Making direct financial donations bypasses middlemen who might take a cut and avoids possible fraudulent charities (which always seem to mushroom during tragedies).
The government website for the Philippines says that 530,704 people are homeless. Many of the injured are without medical services and there are critical shortages of food and water purification equipment. Direct financial donations in foreign currencies may be made according to the instructions on this government website:
Making direct financial donations bypasses middlemen who might take a cut and avoids possible bogus charities (which always seem to mushroom during tragedies).
Thank you, Writer Fox, for keeping up updated. I feel confident the Catholic Relief Services will use my donation wisely.
"us" updated . . . (I corrected this, but there was a glitch.)
That probably is a reputable, established charity, but so many new ones spring up after a disaster. It happened after Katrina and 9/11.
I'm sure you're right, Writer Fox. I keep my visualizations for our planet high and hope someday instigators of fraud will be a thing of the past. When energies come into alignment, there will be no need for war, crime, or cataclysms, such as the likes of Haiyan.
As a pure Filipino, I may say you are right. Donations should be given with concrete measures. I am from Cebu but not the affected part. We are in the southern part and the poor ones are in the Northern part. We are planning to give our simple contributions may it be cash or kind this coming Saturday.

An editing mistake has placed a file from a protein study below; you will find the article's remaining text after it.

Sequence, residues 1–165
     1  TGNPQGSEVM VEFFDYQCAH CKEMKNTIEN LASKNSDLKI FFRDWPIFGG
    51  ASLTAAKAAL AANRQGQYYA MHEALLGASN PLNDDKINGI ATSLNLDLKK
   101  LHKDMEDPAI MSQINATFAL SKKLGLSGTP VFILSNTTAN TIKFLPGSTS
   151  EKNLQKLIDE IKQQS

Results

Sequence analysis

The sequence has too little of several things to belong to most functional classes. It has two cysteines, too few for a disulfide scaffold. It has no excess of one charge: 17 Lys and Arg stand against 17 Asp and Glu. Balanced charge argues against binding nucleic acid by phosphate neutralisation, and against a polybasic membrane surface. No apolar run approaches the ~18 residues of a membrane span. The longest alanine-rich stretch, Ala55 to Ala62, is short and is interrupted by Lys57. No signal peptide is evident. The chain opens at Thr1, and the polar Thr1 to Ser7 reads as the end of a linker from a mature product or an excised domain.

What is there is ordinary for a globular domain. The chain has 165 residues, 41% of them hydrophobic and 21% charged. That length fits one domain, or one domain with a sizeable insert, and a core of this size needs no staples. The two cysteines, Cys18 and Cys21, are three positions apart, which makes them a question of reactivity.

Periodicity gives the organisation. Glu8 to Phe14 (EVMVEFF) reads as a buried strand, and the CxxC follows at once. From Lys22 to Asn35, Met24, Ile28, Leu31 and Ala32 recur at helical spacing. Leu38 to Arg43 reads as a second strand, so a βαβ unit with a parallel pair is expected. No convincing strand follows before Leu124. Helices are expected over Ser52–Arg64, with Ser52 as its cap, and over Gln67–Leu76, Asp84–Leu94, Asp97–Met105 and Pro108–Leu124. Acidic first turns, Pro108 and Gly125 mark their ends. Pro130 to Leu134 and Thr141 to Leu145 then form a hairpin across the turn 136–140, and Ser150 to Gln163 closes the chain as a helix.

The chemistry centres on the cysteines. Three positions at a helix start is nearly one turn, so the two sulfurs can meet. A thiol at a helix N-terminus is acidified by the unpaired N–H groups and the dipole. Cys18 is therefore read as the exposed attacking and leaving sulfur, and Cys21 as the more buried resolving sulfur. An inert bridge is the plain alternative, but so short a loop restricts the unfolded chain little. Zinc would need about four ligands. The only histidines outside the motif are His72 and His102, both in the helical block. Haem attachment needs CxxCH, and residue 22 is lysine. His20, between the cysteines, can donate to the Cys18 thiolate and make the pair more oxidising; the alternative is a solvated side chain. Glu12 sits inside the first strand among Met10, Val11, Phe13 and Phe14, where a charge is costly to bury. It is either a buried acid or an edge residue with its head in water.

We are crying deep in our hearts even we are smiling in our daily work these week. We are Filipinos. We are happy people.
I am happy that in my village, we are now making sign boards to receive donations from fellow villagers and just this time one pledge his pick up car for delivery. Another a while ago just gave one sack of rice, since Filipinos are rice eating people. We like rice.
I wonder how other countries gave their simple donations. Here are some photos.
My friends and family out there in Tacloban City and Leyte including Cebu told me that it is about 12, 000 now are affected. 2 days ago it was only about 10,000.
It is sad to know and think that many children are begging along the road as we passed by with the bus.
Great idea for this forum. I haven't read through the replies, but in 1980 I was working at a non-profit agency. I came to our Director and asked what he thought about the annual report of OXFAM America. He was VERY IMPRESSED and said that they had one of the highest ratios of donation to cost of operation that he had seen. We have contributed monthly to OXFAM through all these years. They are documenting their efforts here:
http://www.oxfam.org/en/emergencies/phi … oon-haiyan
There is a link to their typhon blog on that page as well.
This is an agency that is extremely well-respect and always seem to have "boots on the ground" and ready to go.
The situation is getting worse. Read this account:
http://edition.cnn.com/2013/11/13/world … on-haiyan/
I am a resident of india but do tell me if you have any problem.
My heart goes out to them all,i will say a pray for each and every one of them.amen.